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Who Is Responsible For The Turkey Bombings? The Group Is Little-Known But Dangerous

Twin explosions — one a larger car bomb and the other a smaller suicide attack — rocked the aftermath of a heavily attended soccer game in Istanbul, Turkey, late Saturday night, together killing 38 people and injuring scores more. The targets of the devastating blast were law enforcement officials, a trademark of a terrorist organization that's considered an offshoot of Kurdistan Workers' Party (PKK), a longstanding rebel group in the country. Not long after the attacks, the Kurdistan Freedom Falcons announced online that it was responsible for the Turkey bombings, insisting that the Turkish people themselves were not the intended targets; Rather, it claimed the militants were striving to retaliate against the government for ongoing violence and for the imprisonment of its leader.

As 2016 draws to close, Turkey can trace the chronology of the year through a macabre series of bloody touchstones, deadly ambushes carried out by the terrorist groups including ISIS and the Kurdistan Freedom Falcons, or TAK. The TAK, for example, trumpeted an attack on military vehicles that left 29 members of the security forces dead in the capitol of Ankara as a "suicide revenge mission" and claimed culpability for a car bomb attack that killed 37 there less than a month later.

The group — an offshoot of the PKK, which has "carried out a violent, three-decade insurgency," in Turkey according to Reuters — has announced that two of its members were "heroically martyred" in the latest attack. Turkish authorities have so far arrested 13 people in connection with the massacre, which also injured 155 people.

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According to The Daily Beast, one of the key tactical difference between the PKK and ISIS is this: The PKK seeks to kill security forces (in this case, the TAK managed to end the lives of 30 police officers), while ISIS has virtually zero regard for human life, aiming with its attacks to murder as many people as possible, no matter who they are or what they believe.

Perhaps that's why suspicion was almost immediately cast on the PKK in the light of the attacks, the smaller of which occurred in a park close to the Vodafone Arena, where the killers targeted a van full of police officers. With the revelation that the PKK was the mastermind behind this one, those suspicions were proven more or less correct.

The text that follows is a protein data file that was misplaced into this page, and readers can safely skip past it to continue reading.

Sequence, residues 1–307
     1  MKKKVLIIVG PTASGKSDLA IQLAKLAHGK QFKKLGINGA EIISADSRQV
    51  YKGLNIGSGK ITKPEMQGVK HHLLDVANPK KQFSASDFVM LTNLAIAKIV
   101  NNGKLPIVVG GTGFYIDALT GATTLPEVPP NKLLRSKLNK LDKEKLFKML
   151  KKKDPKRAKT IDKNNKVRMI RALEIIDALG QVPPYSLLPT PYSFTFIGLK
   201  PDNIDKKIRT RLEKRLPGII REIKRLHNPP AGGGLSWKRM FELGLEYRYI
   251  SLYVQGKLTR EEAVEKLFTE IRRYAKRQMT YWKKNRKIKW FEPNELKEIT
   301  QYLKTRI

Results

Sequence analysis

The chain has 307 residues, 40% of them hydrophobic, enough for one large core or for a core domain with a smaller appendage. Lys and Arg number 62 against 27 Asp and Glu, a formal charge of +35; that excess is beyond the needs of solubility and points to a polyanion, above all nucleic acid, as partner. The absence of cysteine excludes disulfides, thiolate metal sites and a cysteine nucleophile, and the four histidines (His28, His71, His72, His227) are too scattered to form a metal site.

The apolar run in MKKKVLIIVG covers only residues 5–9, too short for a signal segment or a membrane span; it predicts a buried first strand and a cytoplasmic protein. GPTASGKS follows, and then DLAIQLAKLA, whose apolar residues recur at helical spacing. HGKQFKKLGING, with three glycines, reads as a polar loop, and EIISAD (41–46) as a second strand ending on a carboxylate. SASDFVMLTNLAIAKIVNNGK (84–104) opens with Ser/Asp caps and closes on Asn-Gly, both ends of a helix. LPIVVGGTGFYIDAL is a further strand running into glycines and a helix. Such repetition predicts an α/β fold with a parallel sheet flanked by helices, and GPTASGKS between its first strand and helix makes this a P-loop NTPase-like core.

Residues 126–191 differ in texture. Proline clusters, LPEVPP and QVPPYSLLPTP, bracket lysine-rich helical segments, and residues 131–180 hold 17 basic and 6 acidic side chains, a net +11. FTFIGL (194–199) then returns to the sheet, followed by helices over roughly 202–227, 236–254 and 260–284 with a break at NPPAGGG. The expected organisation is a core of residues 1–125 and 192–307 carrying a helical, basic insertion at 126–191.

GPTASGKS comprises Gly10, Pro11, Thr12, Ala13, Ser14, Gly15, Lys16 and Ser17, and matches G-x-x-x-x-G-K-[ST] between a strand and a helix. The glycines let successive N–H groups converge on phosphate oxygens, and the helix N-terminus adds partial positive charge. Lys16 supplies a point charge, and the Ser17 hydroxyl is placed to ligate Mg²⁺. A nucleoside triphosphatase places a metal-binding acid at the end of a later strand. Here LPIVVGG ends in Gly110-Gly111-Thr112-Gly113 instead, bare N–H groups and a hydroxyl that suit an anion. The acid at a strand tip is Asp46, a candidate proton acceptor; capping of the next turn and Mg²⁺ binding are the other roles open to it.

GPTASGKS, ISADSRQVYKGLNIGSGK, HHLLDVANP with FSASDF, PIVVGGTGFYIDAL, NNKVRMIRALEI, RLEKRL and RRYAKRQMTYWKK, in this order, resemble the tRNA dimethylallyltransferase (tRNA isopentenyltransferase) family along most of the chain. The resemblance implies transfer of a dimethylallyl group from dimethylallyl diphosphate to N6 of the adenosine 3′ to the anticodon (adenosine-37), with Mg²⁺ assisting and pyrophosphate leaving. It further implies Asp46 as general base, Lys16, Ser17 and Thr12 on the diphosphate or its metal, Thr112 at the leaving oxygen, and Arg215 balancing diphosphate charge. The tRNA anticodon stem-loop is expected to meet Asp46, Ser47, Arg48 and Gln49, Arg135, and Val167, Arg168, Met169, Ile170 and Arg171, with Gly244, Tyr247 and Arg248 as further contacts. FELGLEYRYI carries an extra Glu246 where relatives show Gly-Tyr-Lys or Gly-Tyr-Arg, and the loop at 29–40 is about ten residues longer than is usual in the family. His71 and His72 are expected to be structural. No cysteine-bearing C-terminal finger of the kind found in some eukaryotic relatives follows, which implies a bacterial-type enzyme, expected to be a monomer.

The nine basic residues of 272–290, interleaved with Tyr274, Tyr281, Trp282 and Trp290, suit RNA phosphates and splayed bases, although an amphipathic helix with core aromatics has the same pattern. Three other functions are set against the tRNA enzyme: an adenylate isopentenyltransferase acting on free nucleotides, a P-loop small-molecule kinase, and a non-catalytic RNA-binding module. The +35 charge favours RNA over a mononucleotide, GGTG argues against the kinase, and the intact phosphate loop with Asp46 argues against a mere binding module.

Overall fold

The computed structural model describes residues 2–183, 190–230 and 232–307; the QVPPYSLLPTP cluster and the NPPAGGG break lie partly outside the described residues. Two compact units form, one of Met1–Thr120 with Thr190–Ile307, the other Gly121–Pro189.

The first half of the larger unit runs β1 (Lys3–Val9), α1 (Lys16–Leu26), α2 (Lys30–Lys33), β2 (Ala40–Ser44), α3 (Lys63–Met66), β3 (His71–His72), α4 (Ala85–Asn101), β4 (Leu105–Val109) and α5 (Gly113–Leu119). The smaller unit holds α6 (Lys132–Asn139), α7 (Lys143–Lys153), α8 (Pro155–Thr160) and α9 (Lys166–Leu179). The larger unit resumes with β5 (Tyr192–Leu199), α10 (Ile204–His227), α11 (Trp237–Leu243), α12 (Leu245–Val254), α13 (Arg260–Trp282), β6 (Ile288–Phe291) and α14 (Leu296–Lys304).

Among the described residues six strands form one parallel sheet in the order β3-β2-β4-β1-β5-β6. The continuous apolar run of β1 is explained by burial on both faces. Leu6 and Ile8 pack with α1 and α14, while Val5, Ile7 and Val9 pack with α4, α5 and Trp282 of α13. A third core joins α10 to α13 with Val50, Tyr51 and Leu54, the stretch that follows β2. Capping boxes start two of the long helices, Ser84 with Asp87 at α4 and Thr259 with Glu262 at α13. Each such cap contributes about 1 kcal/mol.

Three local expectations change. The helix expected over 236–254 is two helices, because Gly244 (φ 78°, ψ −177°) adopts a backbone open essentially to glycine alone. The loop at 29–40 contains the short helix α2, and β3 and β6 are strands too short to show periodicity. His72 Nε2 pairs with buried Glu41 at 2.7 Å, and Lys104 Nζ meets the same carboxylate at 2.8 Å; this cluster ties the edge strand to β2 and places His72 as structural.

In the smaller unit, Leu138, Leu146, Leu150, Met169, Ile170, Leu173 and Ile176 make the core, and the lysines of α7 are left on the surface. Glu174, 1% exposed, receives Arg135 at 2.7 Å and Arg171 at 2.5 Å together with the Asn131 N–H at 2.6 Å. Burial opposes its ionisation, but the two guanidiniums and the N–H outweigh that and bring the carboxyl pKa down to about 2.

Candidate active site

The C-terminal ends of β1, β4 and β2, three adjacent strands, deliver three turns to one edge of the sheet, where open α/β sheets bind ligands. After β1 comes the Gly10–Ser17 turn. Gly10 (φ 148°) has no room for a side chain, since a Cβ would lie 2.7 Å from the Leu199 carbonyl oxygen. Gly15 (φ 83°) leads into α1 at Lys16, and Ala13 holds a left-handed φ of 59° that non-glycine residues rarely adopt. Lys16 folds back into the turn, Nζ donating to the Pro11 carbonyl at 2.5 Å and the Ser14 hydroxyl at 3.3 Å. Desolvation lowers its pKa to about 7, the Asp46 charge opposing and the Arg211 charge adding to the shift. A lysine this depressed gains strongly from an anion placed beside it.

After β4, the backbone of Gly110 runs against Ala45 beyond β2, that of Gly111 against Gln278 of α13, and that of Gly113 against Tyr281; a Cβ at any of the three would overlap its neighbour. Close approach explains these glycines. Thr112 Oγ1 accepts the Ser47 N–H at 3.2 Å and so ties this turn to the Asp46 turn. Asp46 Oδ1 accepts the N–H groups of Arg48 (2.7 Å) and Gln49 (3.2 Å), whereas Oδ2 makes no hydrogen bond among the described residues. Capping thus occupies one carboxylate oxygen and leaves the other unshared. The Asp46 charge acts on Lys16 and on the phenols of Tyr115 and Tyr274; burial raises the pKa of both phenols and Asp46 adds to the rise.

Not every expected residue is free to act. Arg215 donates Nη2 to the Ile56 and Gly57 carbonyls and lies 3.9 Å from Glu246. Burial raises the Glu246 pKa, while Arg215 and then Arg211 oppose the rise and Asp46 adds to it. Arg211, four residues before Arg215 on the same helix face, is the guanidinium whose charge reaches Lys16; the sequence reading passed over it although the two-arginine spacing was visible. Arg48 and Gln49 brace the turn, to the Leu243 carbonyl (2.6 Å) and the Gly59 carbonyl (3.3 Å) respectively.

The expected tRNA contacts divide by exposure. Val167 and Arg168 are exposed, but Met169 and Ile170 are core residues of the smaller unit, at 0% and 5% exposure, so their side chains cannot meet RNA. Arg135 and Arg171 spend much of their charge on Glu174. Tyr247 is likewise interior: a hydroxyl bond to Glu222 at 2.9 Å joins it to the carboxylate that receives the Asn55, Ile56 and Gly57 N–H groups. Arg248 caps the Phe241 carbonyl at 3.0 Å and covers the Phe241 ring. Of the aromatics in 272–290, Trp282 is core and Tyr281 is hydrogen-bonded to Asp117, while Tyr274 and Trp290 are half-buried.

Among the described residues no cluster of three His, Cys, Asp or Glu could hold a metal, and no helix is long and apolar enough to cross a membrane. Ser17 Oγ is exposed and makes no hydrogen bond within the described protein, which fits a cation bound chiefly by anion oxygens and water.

A harrowing video that inadvertently captures the blasts encapsulates some of the terror and confusion that these attacks, and others like them over the course of this year, caused:

Now, officials in the nation have declared a national day of mourning as the country once again copes with the fallout of the fresh horrors. And the funerals for the police officers have already begun. At an event to remember five of them at police headquarters in Istanbul Interior Minister Suleyman Soylu pledged that their deaths would not be in vain. "Sooner or later we will have our vengeance," he told those assembled there, according to Reuters. "This blood will not be left on the ground, no matter what the price, what the cost."

According to The Washington Post, the dramatic uptick in violence in Turkey this year can be attributed in part to the crumbling of a potential peace agreement between the PKK and the Turkish government last year. The twin bombings immediately followed the submission of a bill that would arm Turkish President Recep Tayyip Erdogan with even more powers, such as to run for additional terms in office.

These attacks were the deadliest in weeks.